Whichever came first, those titles or the songs themselves, the pieces are clearly meant to be taken in a complete listen with how each feeds into the one following. Still, there doesn’t seem to be a narrative at work across them, or at least not in the sense of “Jack runs here, Jack goes there.” “Vanderwaalskrachten” begins with sparse guitar and synth hum, setting up a swirl and lushness of sound that will prove almost constant but for a few purposeful moments of minimalism. Setting a patient tone, the drums kick in around two minutes in with the bass and the dynamic at the core of Monomyth‘s Monomyth is established; the rhythm section holds pieces together so that the guitar, keys and other elements are free to explore, which they do, again, not without a pervasive sense of purpose. The initial impression is similar in its smoothness and moody underpinnings to Germany’s My Sleeping Karma, but as “Vanderwaalskrachten” — named for the attractions between molecules and intermolecular forces — hits a pre-midpoint peak of heavy guitar riffing later to reemerge as a kind of instrumental chorus, it’s that much clearer that the band haven’t yet played their entire hand. A solo follows topping space rock pulsations and carries into a quiet bridge marked out by some funky organ work, only to find that chorus return again late in the track, giving all the more an impression of structure. Actually, “Vanderwaalskrachten” winds up rather traditional at its heart, just presented in a much different form than a phrase like “verse/chorus structure” might conjure in the mind of the listener. Likewise careful not to get underway too quickly, “Vile Vortices” — aka the Devil’s Graveyards; the Bermuda Triangle, Indus Valley, Algerian Megaliths, et. al. — unfolds to Floydian leads punctuated by xylophone-sounding percussion given flourish by jazzy keys before bass and organ introduce the crux of the build, Evers holding steady on drums behind. Those leads return, but structurally, “Vile Vortices” is different from its predecessor, more linear, and after five minutes in, it breaks to introduce a heavier riff that acts as the foundation for the build over the remainder of the track, which rounds out with a drone leading right into “The Groom Lake Engine,” the  centerpiece of Monomyth.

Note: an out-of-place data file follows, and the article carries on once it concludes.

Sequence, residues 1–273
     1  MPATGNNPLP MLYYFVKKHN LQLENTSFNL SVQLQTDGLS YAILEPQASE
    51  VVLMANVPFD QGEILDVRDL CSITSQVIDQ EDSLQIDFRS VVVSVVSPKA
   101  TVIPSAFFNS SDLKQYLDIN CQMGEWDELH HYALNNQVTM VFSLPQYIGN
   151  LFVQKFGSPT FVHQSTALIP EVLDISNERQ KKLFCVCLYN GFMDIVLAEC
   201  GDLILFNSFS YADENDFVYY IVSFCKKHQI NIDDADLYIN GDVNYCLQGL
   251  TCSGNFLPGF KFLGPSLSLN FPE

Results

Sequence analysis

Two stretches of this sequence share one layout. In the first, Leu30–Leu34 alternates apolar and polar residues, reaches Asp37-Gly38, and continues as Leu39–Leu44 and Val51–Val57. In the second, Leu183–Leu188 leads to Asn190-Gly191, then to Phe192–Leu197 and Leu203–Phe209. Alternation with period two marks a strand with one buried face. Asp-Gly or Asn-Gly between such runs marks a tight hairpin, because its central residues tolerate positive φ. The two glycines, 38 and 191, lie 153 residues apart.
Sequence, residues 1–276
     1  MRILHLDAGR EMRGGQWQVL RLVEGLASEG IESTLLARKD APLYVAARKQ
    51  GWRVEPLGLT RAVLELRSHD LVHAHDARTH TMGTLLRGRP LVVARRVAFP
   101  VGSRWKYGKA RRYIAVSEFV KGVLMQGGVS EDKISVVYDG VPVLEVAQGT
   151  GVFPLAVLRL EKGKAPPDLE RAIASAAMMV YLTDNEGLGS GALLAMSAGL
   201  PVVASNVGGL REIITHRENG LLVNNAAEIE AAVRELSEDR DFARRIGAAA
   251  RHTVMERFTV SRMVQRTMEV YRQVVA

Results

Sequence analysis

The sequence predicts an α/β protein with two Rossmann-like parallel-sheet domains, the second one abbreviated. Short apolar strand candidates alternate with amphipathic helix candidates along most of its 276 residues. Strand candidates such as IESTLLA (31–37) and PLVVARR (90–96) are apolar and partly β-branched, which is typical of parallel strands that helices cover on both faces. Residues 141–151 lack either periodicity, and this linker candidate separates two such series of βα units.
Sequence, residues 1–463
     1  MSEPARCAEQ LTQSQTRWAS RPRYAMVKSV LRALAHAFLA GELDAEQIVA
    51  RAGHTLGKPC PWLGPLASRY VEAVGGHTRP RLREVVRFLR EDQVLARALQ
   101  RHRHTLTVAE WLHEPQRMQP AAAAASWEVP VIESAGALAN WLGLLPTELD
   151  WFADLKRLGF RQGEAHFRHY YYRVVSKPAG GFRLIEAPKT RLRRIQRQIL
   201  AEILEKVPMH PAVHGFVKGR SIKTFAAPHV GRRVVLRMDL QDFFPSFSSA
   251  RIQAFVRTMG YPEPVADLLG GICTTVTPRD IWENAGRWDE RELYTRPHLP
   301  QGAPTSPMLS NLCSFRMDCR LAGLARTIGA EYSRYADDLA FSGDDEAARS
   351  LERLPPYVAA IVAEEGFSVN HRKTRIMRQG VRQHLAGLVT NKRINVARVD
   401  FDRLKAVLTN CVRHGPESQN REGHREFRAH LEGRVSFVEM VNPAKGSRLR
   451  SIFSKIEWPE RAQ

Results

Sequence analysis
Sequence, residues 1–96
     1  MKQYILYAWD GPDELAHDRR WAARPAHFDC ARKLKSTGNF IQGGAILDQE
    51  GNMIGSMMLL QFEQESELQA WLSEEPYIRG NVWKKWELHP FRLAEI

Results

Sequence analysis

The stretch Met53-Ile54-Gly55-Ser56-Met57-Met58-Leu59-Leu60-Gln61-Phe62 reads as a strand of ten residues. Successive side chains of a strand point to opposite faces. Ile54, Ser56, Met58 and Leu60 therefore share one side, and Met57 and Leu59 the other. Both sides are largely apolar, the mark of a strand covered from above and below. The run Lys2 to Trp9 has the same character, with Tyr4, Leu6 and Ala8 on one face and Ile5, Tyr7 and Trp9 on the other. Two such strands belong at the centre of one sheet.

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The Midnight Ghost Train Release Live at Roadburn 2013

Posted in Whathaveyou on August 15th, 2013 by H.P. Taskmaster

I took the above photo of always-raucous The Midnight Ghost Train‘s frontman Steve Moss from the sweaty doorway of the Bat Cave at the 013 venue in Tilburg, the Netherlands, as part of the Roadburn 2013 festival. It was as close as I could get to the band, who opened in grand fashion with feedback before unleashing an entire weekend’s worth of boogie into one bluesified, bombastic set. The Kansas trio are in the throes of a six-week US tour (dates here) supporting 2012′s Buffalo (review here) and have just released said Roadburn set as a free download under the fitting title Live at Roadburn 2013, with a CD and LP to follow soon on Roadburn/Burning World Records that’s available now for pre-order.

The link to that, more info, audio and the artwork — which I’m fairly sure is referencing a Leadbelly collection — follow here, courtesy of the label:

THE MIDNIGHT GHOST TRAIN Live at Roadburn 2013 free download. Pre-sale for vinyl + CD